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Why it’s so hard this year to find a Michigan Christmas tree

rows of Christmas tree
Fraser fir, douglas fir, blue spruce, white spruce and white pine are all available at Huron Christmas Tree Farm. Larry Davis, owner of the farm, told Bridge Michigan in an interview that he noticed demand had gone up during the pandemic. This year, he closed the farm early because he ran out of viable trees. (Shutterstock)
  • While demand for real Christmas trees is high, supply is low due to economic woes and the drought this past summer 
  • Farmers saw an increase in demand during the pandemic, when people made a family activity out of cutting down their own tree 
  • Some farm have closed earlier than expected because they didn’t have enough trees ready to be cut and sold

Real Christmas trees have become so popular this year that some farmers have already shut down before the holiday, forcing tree-buyers to travel farther away or break tradition and settle for an artificial tree. 

Demand for real trees has been high since the pandemic when Christmas tree farms were among the few businesses that remained open, tree farmers say. It was an outdoor activity that allowed people to gather and social distance.


“It was the most enjoyable season for me personally, because what I witnessed was maybe three cars coming into the parking lot all at once, people getting out of them and little kids running across the parking lot saying, ‘grandma, grandpa, I haven't seen you forever,’” said Larry Davis owner of Huron Christmas Tree Farm in Huron Township. 

“It was great. I mean, it was like a real reuniting of families,” he said. 


Interest in real trees has only grown since then, according to the National Christmas Tree Association. Over 22 million real trees were sold in 2022 — up from over 20 million in 2021. 

But tree growers are struggling to keep up. Christmas trees take between 10-12 years to grow. After every season, farmers tend to plant double of what was sold. 

In Michigan, which has the nation’s third largest Christmas tree harvest each year, behind North Carolina and Oregon, about 2 million trees are harvested every year, bringing in about $40 million. But some trees were lost due to the drought that occurred over the summer.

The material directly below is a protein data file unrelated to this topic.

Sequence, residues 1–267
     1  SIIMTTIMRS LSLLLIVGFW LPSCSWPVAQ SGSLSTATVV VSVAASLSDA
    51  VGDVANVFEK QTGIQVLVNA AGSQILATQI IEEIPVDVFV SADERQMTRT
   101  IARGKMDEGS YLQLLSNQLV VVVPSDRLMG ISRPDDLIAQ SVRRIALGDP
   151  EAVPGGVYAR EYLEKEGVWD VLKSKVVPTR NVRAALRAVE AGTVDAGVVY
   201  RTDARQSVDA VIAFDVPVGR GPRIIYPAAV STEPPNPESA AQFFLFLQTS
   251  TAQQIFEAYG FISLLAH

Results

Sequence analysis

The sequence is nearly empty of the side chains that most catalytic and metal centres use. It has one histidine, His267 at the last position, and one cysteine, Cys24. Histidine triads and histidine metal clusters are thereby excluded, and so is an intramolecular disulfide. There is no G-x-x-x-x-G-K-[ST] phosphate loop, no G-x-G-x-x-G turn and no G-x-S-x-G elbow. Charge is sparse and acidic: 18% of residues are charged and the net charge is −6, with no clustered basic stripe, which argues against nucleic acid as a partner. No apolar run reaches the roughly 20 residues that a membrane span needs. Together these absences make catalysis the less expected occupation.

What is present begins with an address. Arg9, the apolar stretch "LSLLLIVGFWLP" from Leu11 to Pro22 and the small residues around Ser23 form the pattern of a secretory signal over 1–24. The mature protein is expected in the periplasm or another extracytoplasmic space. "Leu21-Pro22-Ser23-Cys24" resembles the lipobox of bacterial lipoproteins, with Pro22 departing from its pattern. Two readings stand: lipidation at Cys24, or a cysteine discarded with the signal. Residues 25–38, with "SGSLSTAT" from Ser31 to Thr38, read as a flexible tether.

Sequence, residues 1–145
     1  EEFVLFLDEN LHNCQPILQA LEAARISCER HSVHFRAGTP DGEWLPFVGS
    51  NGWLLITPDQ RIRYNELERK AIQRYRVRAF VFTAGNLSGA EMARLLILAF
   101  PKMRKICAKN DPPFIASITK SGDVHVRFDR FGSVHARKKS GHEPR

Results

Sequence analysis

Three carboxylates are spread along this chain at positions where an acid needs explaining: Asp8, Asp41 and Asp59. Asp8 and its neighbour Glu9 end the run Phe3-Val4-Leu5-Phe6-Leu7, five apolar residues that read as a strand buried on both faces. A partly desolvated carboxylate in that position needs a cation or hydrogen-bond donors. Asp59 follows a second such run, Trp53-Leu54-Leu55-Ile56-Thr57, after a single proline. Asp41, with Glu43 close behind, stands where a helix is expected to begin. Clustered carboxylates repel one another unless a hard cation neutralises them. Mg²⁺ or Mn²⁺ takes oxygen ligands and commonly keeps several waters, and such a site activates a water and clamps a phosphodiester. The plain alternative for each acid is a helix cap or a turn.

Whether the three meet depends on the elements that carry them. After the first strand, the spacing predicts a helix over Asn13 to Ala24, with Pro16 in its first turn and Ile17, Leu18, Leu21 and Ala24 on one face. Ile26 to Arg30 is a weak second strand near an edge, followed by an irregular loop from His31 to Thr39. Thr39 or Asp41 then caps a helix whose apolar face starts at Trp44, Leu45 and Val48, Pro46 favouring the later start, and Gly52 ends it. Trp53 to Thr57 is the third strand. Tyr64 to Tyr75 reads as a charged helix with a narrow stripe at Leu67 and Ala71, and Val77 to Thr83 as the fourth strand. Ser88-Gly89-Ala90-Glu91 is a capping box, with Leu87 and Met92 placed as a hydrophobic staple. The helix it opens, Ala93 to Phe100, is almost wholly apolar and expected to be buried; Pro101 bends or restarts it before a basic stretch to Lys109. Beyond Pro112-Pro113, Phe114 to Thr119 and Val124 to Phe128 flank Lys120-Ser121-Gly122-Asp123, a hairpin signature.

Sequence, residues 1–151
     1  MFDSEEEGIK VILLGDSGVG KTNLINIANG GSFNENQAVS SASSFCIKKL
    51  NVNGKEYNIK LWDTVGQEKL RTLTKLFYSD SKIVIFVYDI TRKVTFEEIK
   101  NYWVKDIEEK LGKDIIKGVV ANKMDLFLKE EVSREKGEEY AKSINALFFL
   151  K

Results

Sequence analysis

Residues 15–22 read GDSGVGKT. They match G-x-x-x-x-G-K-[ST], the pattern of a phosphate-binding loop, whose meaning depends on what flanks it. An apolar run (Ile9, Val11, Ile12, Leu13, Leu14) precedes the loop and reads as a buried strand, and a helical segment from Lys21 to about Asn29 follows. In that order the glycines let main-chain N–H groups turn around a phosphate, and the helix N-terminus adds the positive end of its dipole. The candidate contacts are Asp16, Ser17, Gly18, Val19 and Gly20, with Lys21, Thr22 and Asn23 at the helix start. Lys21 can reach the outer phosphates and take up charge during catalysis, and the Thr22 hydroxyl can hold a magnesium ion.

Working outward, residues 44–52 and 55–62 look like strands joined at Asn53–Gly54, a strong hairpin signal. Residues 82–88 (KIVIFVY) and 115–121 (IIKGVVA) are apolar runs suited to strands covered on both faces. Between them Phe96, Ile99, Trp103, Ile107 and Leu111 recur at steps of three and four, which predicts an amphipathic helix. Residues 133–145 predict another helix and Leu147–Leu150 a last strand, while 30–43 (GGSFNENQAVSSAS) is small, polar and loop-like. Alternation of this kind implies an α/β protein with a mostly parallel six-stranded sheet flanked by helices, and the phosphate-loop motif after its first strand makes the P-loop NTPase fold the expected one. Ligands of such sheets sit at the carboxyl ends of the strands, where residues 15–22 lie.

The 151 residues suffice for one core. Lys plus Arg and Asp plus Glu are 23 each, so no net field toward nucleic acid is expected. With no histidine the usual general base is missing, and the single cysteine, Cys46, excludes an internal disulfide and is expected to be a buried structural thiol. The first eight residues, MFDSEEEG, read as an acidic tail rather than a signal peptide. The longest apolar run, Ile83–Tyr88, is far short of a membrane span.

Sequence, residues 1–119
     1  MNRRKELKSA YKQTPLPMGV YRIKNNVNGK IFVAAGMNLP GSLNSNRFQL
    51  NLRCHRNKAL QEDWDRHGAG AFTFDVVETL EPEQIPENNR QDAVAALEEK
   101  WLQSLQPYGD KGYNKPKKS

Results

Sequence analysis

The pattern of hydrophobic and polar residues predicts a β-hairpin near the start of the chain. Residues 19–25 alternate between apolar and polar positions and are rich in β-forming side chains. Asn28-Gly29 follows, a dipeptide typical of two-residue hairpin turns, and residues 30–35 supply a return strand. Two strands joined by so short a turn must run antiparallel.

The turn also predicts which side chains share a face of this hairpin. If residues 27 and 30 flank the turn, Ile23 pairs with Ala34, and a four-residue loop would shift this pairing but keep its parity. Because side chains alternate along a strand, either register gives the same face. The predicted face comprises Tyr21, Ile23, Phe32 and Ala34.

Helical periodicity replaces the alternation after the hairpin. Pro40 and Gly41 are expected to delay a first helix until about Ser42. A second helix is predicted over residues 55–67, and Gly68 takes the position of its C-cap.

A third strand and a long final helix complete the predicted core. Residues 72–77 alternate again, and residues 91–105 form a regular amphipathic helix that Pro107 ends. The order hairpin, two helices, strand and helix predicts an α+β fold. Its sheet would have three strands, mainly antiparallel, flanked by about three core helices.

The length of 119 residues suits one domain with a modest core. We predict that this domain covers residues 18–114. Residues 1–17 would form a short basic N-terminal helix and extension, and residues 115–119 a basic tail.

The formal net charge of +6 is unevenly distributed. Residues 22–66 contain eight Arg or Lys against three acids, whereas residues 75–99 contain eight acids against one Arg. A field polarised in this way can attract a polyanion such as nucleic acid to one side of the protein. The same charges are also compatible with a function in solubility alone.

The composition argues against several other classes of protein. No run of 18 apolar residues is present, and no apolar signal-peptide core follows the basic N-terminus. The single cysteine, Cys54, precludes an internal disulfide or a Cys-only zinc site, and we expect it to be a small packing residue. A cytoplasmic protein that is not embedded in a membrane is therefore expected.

During the week of July 4, about 50 percent of the land in the state was categorized as either in a moderate or a severe drought. 

It is also an El Niño year, which means warm water in the Pacific Ocean will likely push to the east, causing places like Canada and the northern U.S. to experience a warmer, drier winter. Farmers say these conditions mean that trees that would have been ready for sale this year didn't get enough water over the summer.

Despite the lack of rainfall, John Gwizdala, owner of Middle Road Tree Farm in Highland, predicts he will sell around 600 trees this year, which is typical for his farm. About 50 percent of his trees were sold on opening weekend, he said.

Typically, his farm sells out within a couple of weeks of opening. He then plans to bring trees from a wholesaler in northern Michigan to meet the demand and make up for trees that aren’t ready to be sold. 

Not only do people go to Christmas tree farms to find and cut a tree, but it also serves as a family outing. Some farms have hot cocoa, donuts and even a Santa Claus. 

“If you want the family experience … go out and cut your Christmas tree and enjoy a day with the family and have your hot cocoa,” Davis said. 

Most farms open the weekend before Thanksgiving and many sell out of trees ranging from scotch pine, fraser fir, balsam fir,  black hills spruce, within two weeks. 

“At our Christmas tree lots, I've had a lot of first-timers,” and people who haven’t gotten a real tree in a few years, said Vincenzo Vultaggio, co-owner of Vultaggio Royal Tree Farms in Boon Michigan, outside of Cadillac. 

“We're starting to maybe see a little bit more of a shift with some [of] the millennial population … coming out and getting a real tree versus a fake tree,” he said.


People are starting to see the value in buying a real tree because it is a family experience where people can cut down their own tree and decorate it. That’s more valuable during the holiday season than buying an artificial tree and getting it out of the basement, Vultaggio said. 

Artificial trees on average range from under $100 to $1,000 or more, according to the American Christmas Tree Association. Real christmas trees are about $10- $12 per foot.  

“Artificial [trees] have a larger market than real Christmas trees but, we're seeing a significant amount of increase in people that want to move towards real Christmas trees,” said Amy Start executive director of the Michigan Christmas Tree Association. 

Unlike artificial trees, Christmas trees need to be watered daily to stay fresh  and prevent home fires once they are decorated with lights and ornaments. 

While some people don’t mind spending extra money on an artificial tree that can be used for a few years to avoid going out and cutting their own tree, real Christmas trees can be recycled and used after the holiday season. 

“You might have to throw away an artificial tree, especially if it's pre-lit and the lights go out, which is bad for the environment because they sit in a landfill,” Start said. 

“A real Christmas tree, you can recycle it, you can use it for mulch, you can put it out in your yard after the holidays and let the birds perch on it,” she said.

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